A Friday Bottom Is In!

People seemed to like starting with the conclusion, so let’s do it again.

  • Stocks put in a short-term bottom on Friday
  • Yes, that happens on Fridays
  • S&P 500 successfully revisited Monday’s overnight low
  • Volatility declined even as stocks were lower

Just as I was hitting send last Friday, the stock market began to rescue itself from the depths of despair for the second time in one week. That was right about the time so many pundits and reporters were boldly stating that stocks never bottom on Fridays, which was something I debunked last week.

And as is often the case on a Friday to end a volatile week, traders reduced risk, causing stocks to accelerate higher into the close. In this case, people covered their shorts or bought back the stocks they sold in hopes of seeing more weakness. That buying fed on itself the rest of the day.

The chart below shows the S&P 500 futures which are a derivative of the popular S&P 500 index. They almost always trade in lock step, except that the futures trade outside of normal business hours from Sunday at 6pm to Friday at 5pm. Essentially, the futures are a way to give traders and investors more access as well as on a leveraged basis, meaning that one can put up a fraction of the total cost of the investment, similar to putting 20% down on a house but getting the full control and upside.

As you can see, the futures spiked down on February 6 in the middle of the night, but that was not seen during regular market hours. On Friday during the day, the futures sold off and revisited those same levels from the overnight, did not decline further and began to rally back. That can be called a successful retest which would lead to additional rallies. That is what is supposed to happen this week. Stocks should remain volatile, but the bulls should enjoy some success.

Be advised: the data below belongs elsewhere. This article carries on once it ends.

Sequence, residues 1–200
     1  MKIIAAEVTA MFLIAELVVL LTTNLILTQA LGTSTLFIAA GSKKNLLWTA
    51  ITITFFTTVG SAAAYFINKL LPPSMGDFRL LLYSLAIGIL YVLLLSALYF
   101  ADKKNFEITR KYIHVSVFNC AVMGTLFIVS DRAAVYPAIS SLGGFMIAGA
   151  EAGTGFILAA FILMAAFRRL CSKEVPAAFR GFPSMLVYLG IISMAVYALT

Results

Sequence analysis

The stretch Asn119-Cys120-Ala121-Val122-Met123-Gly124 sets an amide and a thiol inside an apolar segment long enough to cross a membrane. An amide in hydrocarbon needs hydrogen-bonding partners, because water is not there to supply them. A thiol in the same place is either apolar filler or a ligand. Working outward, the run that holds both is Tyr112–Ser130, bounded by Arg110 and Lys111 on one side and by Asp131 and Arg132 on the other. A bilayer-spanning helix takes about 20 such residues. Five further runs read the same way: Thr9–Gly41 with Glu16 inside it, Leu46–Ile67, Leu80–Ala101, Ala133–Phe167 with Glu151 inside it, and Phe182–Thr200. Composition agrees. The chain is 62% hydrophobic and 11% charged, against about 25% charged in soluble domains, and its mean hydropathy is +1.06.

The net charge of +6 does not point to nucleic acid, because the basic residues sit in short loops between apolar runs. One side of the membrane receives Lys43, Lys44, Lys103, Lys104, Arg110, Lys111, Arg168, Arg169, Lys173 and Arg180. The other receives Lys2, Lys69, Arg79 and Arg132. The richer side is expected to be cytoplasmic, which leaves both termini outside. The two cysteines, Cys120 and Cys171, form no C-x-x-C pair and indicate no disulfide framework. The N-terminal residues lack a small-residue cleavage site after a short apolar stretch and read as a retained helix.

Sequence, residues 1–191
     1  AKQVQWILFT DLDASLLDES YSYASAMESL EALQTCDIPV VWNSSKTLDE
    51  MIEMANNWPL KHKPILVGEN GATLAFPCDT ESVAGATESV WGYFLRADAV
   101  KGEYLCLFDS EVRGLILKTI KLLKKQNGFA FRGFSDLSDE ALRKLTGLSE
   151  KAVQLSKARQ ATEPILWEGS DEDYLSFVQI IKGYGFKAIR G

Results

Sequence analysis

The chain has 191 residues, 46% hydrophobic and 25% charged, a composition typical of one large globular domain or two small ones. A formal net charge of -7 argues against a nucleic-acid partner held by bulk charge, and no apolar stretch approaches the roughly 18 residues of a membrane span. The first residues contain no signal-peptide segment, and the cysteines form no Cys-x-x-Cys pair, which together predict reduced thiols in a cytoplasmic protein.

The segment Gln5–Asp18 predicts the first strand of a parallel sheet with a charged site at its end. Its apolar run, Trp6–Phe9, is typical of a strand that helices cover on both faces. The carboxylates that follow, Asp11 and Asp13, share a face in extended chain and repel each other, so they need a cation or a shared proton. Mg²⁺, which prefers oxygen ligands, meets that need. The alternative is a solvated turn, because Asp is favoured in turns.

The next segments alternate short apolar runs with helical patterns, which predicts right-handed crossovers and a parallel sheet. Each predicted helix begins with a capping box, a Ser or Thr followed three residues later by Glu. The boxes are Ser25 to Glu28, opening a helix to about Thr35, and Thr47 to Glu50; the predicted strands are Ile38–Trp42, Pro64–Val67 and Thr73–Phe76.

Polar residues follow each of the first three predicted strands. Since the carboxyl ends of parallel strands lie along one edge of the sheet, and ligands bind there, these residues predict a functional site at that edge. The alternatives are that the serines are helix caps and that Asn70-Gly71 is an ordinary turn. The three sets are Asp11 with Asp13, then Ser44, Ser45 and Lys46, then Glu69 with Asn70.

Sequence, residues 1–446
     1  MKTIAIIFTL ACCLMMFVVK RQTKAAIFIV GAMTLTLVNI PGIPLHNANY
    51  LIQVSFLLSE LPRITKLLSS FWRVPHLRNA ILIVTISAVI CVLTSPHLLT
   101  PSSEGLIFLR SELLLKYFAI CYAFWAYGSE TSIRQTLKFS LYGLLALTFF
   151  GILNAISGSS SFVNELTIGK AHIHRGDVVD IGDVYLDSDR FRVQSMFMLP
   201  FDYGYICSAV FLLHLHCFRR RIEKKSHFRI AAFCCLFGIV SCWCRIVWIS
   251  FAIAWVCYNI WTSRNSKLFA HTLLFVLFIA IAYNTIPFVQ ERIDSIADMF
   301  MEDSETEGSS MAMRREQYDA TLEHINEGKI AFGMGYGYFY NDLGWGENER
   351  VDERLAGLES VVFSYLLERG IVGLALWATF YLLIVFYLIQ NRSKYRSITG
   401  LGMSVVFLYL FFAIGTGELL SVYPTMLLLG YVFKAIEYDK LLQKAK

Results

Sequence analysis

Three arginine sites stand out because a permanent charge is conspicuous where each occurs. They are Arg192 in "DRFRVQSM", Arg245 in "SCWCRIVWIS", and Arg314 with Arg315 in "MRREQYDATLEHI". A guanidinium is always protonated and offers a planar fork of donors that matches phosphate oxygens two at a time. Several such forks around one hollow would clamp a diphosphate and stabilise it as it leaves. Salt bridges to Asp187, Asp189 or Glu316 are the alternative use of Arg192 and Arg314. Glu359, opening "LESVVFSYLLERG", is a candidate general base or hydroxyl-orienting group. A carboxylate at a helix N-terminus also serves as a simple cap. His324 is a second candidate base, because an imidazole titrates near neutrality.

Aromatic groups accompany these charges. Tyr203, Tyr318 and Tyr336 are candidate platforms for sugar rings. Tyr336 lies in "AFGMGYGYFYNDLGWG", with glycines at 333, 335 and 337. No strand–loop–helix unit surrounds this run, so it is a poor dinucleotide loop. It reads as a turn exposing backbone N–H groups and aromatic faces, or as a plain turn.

The opportunity for the bulls is also supported by a plethora of short-term studies which all point to a bounce as they have since last Monday. Below is the volatility index, better known as the VIX. What’s important to understand is that last Monday, the VIX spiked to 50 as stocks cratered. On Friday, as stocks were falling again and at lower levels, the VIX should have been well above 50. However, it saw a lower peak at 42, indicating that downside momentum in stocks was abating.

I don’t think Monday is going to be one of those “key” market days. After a dramatic reversal like we saw on Friday, we could see stocks follow through and rally, the most bullish scenario. Or, they could back and fill, chop around all day before moving higher on Tuesday or Wednesday. The real key is to see which sectors bounce the most. We definitely do not want to see the defensive groups like utilities, REITs and consumer staples lead any rally.

Updating a chart I first drew early last week, we see that stocks are basically staying in the road map. But they are coming to a point where the bulls need to step and rally. I still believe stocks will move higher to a secondary peak later this month and then decline again in March before the real move to all-time highs gets going in April.

This also fits in with research that shows when stocks decline 10% intra-month, they do not recoup those losses immediately. Rather, they do rally in the short-term, but typically close the month down 5-8%. And 5% down months usually see some more selling the next month, March in this case, which further supports my forecast. Hat tip to Rennie Yang of Astrikos Research.

As always, please don’t hesitate to call or email with any specific questions about your portfolio or financial situation. Investing is a marathon not a sprint and pockets of weakness in the markets will always occur, whichever side of the market you are on

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Paul Schatz, President, Heritage Capital
Paul Schatz, President, Heritage Capital
If you have at least $250,000 of investable assets and would like to schedule a complimentary meeting, call, or video conference with me, please click on my calendar here email me at Paul@investfortomorrow.com or call the office directly at 203.389.3553.

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